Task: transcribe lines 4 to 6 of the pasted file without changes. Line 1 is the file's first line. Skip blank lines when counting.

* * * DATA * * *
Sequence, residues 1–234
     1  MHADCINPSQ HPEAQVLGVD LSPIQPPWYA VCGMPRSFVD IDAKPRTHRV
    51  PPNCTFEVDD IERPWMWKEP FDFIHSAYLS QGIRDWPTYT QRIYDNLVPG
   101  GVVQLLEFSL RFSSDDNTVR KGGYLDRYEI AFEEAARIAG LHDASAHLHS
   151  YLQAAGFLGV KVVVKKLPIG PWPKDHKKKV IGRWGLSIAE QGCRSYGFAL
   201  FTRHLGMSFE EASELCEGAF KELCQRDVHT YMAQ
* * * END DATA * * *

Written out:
   101  GVVQLLEFSL RFSSDDNTVR KGGYLDRYEI AFEEAARIAG LHDASAHLHS
   151  YLQAAGFLGV KVVVKKLPIG PWPKDHKKKV IGRWGLSIAE QGCRSYGFAL
   201  FTRHLGMSFE EASELCEGAF KELCQRDVHT YMAQ